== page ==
"The Ghost Writer"; a film review by Gary Chew
That gives you a taste of the dialogue spoken in Roman Polanski's new film, "The Ghost Writer." It's smart, punctuated and acerbic.
But the film isn't as creepy as "Rosemary's Baby" as lugubrious as "Repulsion," as noirish as "Chinatown" or as powerful as "The Pianist." (Later note: Polanski wins the Best Director Award for this film at the Berlin Film Festival, February 20, 2010.)
I would describe "The Ghost Writer" as a damned good political intrigue movie that sustains interest all the way, in spite of the fact there's only occasional action, just one implied sexual tryst and most of the story taking place in a isolated, classy beach house with large windows through which you can see the Atlantic Ocean battering the Massachusetts coast under the most constantly beautiful, angry skies you may ever see in a motion picture.
With those ingredients, you may think "The Ghost Writer" is a little retro and somewhat Gothic. And, if so, you couldn't be more wrong. This bleakly-toned film about the powerful and elite is set in the right now, smack dab in the middle of the war on terrorism and the raging debate over enhanced interrogation.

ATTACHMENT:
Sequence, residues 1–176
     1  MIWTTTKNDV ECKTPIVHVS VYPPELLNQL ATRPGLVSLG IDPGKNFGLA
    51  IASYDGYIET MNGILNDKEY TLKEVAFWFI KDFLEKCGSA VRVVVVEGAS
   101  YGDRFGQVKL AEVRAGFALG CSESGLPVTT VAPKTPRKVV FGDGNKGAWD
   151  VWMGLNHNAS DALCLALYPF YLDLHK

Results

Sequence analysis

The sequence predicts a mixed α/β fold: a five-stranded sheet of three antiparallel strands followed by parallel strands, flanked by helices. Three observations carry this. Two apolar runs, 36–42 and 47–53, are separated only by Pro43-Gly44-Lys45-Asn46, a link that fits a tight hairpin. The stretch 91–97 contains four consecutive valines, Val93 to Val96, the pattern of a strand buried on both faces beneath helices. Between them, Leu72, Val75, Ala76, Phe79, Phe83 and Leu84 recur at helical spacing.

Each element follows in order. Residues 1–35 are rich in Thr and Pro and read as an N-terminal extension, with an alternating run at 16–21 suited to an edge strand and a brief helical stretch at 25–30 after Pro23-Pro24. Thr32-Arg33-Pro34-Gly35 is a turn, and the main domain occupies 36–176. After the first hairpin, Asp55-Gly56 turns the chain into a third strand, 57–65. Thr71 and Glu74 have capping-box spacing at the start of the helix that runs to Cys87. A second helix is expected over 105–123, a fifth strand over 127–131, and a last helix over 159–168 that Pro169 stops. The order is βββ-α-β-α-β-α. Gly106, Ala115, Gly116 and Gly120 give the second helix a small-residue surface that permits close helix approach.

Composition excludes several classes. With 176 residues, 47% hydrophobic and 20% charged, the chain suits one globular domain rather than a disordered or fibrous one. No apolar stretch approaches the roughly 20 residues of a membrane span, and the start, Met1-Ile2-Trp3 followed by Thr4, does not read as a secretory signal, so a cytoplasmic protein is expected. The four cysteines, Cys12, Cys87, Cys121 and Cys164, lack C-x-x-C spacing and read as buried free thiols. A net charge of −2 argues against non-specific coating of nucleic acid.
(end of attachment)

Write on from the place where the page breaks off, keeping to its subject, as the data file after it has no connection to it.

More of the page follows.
The script was adapted by Robert Harris from his book titled, "The Ghost." Harris, who shared the writing chores with Polanski, is a former BBC TV reporter, journalist and columnist as well as an acclaimed novelist. Harris was an early Labour Party supporter of former British Prime Minister, Tony Blair.
Roman Polanski is to controversy what Ben and Jerry are to ice cream, so, "The Ghost Writer" has fictitious characters that bear plausible resemblance to real people. Pierce Brosnan plays an ex British Prime Minister called Adam Lang. The former PM and his aide, as well as ghostwriter, are finishing up an autobiographical memoir of the PM about the same time trouble surfaces for Lang in connection with past counterterrorism practices. Overriding the politics of that kettle of fish, the aide/ghostwriter drowns one dark night, falling overboard off a ferry. Is it an accident or suicide? The ominous soundtrack music (by Alexandre Desplat) suggests foul play as the plot and storm clouds thicken over Martha's Vineyard. Lang is somewhat on the lam in the US, away from London, what with the bad counterterrorism accusations going down.